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Review quote

This is an important book on an essential topic... Scott Wright has managed to gather together a wonderful array of perspectives: cultural as well as biological; self-advocacy alongside clinical and research voices; family, community and societal viewpoints... This volume is a vital first step towards a better future for people with ASD growing old. -- from the foreword by Professor Francesca Happe There is a significant lack of knowledge about adults, particularly older adults, with autism. This book, on the challenges and promises of autism in later life, sets out to redress this situation, with contributions from individuals with autism, parents, clinicians and researchers from many disciplines. It focuses not just on the difficulties of growing older, but also on positive ways in which the future for older individuals with autism can be improved. It should be essential reading for anyone involved with adults with autism, and for those seeking to improve the transition from childhood to adult life. -- Patricia Howlin, Emeritus Professor of Clinical Child Psychology, King's College, London; Professor of Developmental Disorders, University of Sydney This new textbook provides an important introduction to the broad range of issues faced by mid- and later-life adults with an autism spectrum disorder. It links the personal experiences of affected individuals and their families with the perspectives of researchers from genetics and psychology through policy. Many of the chapters acknowledge that, unfortunately, we are only at the start of research efforts to understand the challenges faced by this aging population. Nevertheless Scott Wright has produced the first comprehensive textbook on this topic and it will undoubtedly frame this critical conversation going forward. -- Joseph Piven M.D., Thomas E. Castelloe Distinguished Professor of Psychiatry, Pediatrics and Psychology, Director, Carolina Institute for Developmental Disabilities, University of North Carolina at Chapel Hill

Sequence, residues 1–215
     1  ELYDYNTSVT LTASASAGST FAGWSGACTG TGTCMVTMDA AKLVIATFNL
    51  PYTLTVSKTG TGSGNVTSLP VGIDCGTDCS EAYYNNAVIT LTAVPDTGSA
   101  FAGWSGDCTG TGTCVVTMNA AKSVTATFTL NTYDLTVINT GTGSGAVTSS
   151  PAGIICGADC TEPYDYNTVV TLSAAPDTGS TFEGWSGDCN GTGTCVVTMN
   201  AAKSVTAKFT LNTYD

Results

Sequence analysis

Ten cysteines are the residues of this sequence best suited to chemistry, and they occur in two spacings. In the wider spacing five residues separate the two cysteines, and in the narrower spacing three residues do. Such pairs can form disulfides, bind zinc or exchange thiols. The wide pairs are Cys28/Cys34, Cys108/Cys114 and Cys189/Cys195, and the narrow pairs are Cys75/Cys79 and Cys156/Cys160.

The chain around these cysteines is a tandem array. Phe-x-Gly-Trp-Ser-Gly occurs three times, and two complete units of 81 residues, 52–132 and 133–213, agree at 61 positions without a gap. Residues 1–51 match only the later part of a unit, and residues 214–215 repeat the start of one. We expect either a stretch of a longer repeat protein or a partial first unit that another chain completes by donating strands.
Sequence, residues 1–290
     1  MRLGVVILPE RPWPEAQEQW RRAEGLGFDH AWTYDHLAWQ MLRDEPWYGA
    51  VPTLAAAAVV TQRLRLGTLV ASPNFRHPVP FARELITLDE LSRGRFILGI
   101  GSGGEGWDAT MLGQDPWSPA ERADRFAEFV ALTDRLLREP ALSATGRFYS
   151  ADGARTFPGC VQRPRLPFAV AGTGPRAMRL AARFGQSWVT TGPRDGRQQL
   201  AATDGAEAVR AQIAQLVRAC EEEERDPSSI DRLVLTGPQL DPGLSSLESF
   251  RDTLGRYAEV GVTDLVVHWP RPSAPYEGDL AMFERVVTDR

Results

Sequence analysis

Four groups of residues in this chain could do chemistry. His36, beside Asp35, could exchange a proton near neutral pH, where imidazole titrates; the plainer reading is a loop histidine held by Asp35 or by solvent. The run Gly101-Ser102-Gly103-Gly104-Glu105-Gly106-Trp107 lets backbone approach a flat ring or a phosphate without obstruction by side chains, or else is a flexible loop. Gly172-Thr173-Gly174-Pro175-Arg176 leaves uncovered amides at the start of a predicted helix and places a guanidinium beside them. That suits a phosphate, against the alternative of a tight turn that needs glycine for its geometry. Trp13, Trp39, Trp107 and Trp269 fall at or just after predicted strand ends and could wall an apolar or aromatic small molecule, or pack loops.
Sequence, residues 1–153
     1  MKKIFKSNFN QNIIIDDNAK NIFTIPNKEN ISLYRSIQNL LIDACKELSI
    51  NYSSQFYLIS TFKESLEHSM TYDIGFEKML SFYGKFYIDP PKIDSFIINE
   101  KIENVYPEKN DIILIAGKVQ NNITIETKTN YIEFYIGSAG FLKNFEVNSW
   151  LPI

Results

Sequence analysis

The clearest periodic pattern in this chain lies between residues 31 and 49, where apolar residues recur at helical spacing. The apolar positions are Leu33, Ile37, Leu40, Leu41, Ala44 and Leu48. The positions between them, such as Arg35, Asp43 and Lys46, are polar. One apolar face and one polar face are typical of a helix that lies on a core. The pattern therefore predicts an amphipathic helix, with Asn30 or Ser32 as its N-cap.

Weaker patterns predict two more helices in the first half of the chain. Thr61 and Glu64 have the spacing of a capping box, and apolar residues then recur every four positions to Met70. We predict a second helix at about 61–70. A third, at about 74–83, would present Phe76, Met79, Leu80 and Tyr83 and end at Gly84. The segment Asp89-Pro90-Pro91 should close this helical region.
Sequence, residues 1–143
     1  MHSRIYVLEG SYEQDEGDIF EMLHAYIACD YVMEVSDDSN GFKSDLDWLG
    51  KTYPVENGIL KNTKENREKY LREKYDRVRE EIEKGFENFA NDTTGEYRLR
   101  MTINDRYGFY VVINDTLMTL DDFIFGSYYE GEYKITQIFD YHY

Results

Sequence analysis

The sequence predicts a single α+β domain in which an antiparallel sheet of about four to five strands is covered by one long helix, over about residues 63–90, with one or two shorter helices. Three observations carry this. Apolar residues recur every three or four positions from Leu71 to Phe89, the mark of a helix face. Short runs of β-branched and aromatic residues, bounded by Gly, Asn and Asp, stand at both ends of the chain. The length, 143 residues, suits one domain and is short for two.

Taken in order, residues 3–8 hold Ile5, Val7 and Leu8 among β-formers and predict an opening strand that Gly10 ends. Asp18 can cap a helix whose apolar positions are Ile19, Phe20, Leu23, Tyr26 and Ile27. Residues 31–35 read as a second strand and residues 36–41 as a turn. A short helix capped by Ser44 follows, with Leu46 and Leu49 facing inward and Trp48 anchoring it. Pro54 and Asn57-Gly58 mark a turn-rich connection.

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About Scott D. Wright

Digby Tantam is Honorary Consultant Psychiatrist and Psychotherapist for Sheffield Health Care NHS Foundation Trust, an Emeritus Professor at the University of Sheffield, and Honorary Senior Research Fellow at the University of Cambridge. He is a chartered psychologist, and a fellow of the British Association of Counselling and Psychotherapy and the United Kingdom Council for Psychotherapy. Educated at Oxford, Harvard, Stanford, London, and the Open Universities, and with a doctorate from the Institute of Psychiatry in London, he started a clinic for adolescents and adults with autism spectrum disorders in 1980 that has continued ever since. Valerie ParadiA3/4 holds a Ph.D. in German Literature from City University of New York and has taught German and writing at Bard College, Brooklyn College, and the State University of New York, New Paltz. She is the co-founder and director of ASPIE, the School for Autistic Strength, Purpose and Independence in Education and sits on the Board of Directors of GRASP, the Global Regional Asperger Syndrome Partnership.